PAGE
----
“However, I do not believe that the phased introduction of this new policy will significantly impact the shortage of those medicines included in this policy initiative.”
That was because the majority of the 320 medicines recommended for 60-day prescribing had no supply shortages, he said. The phased introduction of the scheme – 100 medicines will come on board every six months from September 1 – also meant it was unlikely demand would surge.
“The transition will likely occur over a period of time. This will moderate the demand in the early days of the implementation,” Sansom said.
“Further, co-operation with Medicines Australia and the Generic Medicines Industry Association to ensure an increased availability of stock in anticipation of the introduction should also address transient demand issues.”
Sansom said medicines that could be affected were also mainly brands or formulations for which pharmacists were already managing to find suitable alternatives.
Current Pharmaceutical Benefits Advisory Committee chair Professor Andrew Wilson also provided advice on the issue to Health Minister Mark Butler last week.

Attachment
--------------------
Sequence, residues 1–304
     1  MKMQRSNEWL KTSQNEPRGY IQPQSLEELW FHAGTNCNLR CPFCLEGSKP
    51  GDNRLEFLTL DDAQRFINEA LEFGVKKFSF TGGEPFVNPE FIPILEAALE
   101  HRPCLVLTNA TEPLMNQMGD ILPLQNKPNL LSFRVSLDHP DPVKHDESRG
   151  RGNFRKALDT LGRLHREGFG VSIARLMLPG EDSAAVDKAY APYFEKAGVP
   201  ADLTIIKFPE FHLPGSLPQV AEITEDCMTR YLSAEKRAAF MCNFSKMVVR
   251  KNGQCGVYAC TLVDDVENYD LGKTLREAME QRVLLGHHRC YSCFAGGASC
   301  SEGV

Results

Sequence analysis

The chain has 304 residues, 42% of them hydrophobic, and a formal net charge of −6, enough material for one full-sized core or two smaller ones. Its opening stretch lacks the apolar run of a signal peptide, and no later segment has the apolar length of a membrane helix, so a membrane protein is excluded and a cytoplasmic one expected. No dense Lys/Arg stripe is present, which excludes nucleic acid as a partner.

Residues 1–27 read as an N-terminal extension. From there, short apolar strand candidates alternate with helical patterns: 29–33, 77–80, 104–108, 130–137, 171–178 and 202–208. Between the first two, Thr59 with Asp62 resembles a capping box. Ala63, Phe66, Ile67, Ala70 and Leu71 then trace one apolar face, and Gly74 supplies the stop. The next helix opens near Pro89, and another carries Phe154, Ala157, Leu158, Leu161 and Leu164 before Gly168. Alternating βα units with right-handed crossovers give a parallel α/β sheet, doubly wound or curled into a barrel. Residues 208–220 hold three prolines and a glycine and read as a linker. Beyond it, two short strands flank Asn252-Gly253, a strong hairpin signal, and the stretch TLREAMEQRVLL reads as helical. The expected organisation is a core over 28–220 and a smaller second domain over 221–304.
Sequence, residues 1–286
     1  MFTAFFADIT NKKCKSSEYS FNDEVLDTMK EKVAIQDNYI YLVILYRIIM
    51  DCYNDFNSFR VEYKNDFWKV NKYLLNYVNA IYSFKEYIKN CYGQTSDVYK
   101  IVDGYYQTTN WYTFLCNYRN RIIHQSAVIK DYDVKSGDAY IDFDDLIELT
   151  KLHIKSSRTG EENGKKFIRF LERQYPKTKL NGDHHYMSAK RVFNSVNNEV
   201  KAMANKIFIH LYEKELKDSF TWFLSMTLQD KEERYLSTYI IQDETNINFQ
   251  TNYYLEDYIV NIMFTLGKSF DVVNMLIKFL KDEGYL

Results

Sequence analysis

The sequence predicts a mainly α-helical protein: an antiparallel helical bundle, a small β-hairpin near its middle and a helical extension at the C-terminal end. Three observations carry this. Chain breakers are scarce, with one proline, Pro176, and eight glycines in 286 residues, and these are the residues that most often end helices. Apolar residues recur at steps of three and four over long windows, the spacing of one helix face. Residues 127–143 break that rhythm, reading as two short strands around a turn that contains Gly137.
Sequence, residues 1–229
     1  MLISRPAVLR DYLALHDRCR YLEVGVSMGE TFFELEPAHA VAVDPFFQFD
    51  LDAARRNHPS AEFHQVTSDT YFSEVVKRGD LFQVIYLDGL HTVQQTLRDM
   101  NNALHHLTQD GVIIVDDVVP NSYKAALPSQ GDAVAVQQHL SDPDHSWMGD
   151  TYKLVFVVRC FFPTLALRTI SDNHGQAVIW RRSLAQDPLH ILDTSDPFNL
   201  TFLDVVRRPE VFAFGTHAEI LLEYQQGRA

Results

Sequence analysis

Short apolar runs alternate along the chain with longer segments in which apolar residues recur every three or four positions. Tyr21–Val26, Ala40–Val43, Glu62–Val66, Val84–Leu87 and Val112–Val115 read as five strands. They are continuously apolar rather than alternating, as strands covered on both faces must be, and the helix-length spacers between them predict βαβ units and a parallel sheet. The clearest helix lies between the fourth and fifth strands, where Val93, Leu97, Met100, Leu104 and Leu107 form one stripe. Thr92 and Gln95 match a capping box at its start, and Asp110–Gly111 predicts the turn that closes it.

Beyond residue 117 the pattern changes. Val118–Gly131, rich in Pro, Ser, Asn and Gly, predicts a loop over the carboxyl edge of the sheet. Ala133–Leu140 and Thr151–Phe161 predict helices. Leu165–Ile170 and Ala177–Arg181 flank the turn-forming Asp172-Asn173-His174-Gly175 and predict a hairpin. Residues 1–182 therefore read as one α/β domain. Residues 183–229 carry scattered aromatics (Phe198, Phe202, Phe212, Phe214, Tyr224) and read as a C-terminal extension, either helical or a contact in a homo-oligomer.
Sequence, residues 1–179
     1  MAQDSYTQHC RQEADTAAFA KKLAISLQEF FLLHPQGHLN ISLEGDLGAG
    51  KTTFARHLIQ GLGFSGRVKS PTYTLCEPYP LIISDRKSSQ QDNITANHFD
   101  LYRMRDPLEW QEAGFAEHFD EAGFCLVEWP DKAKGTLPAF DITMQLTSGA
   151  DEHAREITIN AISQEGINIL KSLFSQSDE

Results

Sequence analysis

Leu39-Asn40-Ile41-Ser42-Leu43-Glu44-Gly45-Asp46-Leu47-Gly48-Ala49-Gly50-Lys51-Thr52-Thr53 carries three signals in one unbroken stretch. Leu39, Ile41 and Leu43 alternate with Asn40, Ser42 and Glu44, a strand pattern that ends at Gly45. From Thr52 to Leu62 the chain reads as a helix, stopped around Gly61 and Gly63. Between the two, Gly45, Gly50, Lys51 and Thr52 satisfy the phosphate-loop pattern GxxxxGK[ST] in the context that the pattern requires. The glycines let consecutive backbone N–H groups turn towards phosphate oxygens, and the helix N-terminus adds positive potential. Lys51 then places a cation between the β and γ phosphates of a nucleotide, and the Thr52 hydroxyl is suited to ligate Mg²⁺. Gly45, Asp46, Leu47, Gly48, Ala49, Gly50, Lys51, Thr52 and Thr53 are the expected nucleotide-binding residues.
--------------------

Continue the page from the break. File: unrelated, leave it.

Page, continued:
There are seven medicines on the 60-day dispensing list that are in short supply in Australia without a suitable alternative: Dulaglutide (diabetes), Diltiazem hydrochloride (heart conditions), Eprosartan (hypertension), Nafarelim (endometriosis), Fluorometholone (inflammation in the eyes), Losartan potassium (high blood pressure) and Olsalazine sodium (ulcerative colitis).
However, that is mostly due to manufacturing issues that affect global supply.
Wilson said medicine shortages were determined by factors unrelated to the maximum dispensed quantity, and rarely isolated to Australia.
As a result, he said the independent committee would not change its advice to government, which it originally gave in 2018.
“The number of patients and volume of medicines prescribed will not change significantly as a result of an increase in the maximum quantity,” Wilson wrote to Butler in a letter.